BEIJING (AP) -- Chinese authorities on Tuesday reported an attack on security personnel at a checkpoint in the restive far western region of Xinjiang, confirming a days-old report by a U.S.-backed radio service that said five people were killed.
The belated and sketchy report contrasts with the extensive coverage given by China to an anti-terrorism crackdown in the region following a May 22 attack at a vegetable market in Urumqi that left 43 dead, and could raise questions about the campaign's effectiveness.
Violence has risen in recent years in Xinjiang, home to the Muslim Uighur minority. China's government blames it on religious extremists who have ties to overseas Islamic terror groups, while Uighurs complain of repressive cultural and religious policies by the Han Chinese majority and economic disenfranchisement in their resource-rich homeland.
The official confirmation of the Friday attack was indirect. It appeared in an article by the local government about public study sessions against terrorism, apparently set up in response to the checkpoint attack.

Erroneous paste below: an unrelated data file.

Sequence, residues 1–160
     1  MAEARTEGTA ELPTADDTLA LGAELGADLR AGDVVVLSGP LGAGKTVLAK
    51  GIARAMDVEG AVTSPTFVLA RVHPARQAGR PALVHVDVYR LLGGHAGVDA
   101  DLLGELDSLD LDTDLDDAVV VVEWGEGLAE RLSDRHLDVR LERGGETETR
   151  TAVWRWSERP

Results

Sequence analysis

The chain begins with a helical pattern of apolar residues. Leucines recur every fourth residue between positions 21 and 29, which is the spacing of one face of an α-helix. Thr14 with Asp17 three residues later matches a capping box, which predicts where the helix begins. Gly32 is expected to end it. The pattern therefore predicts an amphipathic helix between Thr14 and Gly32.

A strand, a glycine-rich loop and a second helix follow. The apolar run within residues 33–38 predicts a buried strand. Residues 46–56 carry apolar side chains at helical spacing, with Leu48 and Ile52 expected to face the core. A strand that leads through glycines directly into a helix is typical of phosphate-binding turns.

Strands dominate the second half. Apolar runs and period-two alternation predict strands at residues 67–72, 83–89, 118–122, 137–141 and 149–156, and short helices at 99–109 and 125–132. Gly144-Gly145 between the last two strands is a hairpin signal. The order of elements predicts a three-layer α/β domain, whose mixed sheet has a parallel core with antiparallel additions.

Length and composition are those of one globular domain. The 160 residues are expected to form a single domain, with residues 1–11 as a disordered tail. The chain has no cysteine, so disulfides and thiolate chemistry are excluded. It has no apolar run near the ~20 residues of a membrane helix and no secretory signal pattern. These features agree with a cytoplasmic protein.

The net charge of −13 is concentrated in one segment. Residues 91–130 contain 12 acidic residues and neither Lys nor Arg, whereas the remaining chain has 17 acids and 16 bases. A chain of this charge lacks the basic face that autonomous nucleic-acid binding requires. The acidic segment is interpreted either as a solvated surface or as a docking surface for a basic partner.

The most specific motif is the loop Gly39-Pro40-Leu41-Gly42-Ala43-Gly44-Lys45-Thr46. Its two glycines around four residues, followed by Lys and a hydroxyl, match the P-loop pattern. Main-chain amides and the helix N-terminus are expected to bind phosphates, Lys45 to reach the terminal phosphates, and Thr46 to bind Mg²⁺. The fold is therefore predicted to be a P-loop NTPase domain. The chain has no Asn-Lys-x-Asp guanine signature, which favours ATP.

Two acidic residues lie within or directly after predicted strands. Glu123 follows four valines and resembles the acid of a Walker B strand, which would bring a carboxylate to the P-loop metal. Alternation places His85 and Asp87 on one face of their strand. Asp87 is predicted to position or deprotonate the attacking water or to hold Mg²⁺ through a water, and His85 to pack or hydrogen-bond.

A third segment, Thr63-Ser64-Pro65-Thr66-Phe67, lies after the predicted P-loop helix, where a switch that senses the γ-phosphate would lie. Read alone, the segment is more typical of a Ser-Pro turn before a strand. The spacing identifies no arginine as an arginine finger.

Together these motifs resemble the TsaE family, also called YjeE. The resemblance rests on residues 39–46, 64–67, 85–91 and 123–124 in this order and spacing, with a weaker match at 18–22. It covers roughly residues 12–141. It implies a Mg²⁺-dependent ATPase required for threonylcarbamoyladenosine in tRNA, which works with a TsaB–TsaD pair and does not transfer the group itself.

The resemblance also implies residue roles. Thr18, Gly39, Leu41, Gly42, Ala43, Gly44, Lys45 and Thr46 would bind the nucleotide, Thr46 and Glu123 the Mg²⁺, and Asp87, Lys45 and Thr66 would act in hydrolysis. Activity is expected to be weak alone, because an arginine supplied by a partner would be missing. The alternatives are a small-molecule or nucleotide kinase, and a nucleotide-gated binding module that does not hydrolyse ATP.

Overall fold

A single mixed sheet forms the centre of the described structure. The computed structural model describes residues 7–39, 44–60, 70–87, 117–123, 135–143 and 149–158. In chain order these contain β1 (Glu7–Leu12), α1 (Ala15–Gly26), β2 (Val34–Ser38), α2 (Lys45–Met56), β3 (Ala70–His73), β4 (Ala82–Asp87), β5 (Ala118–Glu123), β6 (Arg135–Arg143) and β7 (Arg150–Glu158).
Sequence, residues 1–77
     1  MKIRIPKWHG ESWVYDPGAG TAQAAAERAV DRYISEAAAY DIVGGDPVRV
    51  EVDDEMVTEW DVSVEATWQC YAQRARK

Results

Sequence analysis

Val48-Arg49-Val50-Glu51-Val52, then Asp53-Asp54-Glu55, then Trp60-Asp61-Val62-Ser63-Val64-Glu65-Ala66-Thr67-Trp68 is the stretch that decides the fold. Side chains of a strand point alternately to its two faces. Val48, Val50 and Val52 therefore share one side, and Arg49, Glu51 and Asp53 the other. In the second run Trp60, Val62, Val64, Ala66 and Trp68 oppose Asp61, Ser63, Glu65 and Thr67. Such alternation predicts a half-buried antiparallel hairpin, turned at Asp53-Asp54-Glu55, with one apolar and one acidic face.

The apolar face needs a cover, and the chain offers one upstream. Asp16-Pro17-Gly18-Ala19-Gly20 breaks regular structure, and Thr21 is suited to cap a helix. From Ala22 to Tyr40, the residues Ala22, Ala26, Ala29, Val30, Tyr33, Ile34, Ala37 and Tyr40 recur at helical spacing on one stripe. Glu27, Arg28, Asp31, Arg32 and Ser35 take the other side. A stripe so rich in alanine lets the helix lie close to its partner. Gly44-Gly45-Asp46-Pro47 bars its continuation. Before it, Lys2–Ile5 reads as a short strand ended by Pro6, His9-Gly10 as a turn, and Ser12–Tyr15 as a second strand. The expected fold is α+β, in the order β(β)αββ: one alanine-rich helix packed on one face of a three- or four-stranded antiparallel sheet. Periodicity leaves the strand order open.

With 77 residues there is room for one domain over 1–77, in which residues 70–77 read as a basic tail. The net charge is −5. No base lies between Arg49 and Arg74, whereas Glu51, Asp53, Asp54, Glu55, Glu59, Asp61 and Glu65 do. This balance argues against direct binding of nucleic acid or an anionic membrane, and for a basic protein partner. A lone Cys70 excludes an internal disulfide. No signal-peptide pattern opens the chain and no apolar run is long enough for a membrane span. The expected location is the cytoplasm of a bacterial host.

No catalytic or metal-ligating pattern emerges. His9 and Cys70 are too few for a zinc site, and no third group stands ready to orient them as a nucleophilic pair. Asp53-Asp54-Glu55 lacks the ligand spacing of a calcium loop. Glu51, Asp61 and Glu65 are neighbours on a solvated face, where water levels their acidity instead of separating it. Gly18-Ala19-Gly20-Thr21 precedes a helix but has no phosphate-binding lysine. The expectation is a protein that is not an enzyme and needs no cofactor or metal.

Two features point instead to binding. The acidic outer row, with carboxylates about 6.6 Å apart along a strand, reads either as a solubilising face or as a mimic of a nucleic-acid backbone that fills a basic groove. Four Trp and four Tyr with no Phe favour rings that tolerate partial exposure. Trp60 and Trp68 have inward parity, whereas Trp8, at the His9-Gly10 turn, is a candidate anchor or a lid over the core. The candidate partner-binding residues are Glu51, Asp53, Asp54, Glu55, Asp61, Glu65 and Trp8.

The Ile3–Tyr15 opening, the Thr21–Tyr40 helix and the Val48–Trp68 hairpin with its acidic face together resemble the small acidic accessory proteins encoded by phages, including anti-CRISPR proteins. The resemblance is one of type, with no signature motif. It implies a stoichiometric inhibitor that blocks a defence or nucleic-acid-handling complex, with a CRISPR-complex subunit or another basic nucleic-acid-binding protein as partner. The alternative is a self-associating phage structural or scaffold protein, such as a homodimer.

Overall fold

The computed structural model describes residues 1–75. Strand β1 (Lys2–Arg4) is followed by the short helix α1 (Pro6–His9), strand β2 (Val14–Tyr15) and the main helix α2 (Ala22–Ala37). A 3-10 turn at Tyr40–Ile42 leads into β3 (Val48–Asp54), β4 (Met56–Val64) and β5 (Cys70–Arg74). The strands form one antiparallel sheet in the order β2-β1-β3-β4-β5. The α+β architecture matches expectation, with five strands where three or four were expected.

In a Sunday report, Radio Free Asia said assailants stabbed two police officers guarding a security checkpoint in a village in Qaraqash county and set fire to a room in which three other officers were sleeping, killing all five.
Village chief Atawulla Qasim told RFA that the attackers locked the door from outside and poured gas into the room through a chimney before setting fire to it.
The local government article said militia members manning a checkpoint were killed but did not provide any more details.
A man who answered the telephone at the local police station said he had no knowledge of the incident. Confirmation of such attacks can be difficult because authorities often want to play down attacks targeting symbols of power.
Earlier last week, state media reported in detail how local residents helped thwart an attack by three men in a game room in the Hotan area. On Saturday, state media reported that police fatally shot 13 assailants who rammed a truck into a police building and set off explosives in Kashgar. Both incidents were presented as proof that Beijing's measures were working to curb violence.
On Monday, authorities said they broke up 32 terrorist groups and arrested more than 380 suspects in Xinjiang in the first month of the crackdown. They said they were able to discover and crush more than 96 percent of terror acts in the planning stage, although critics warned the crackdown might exacerbate tensions.
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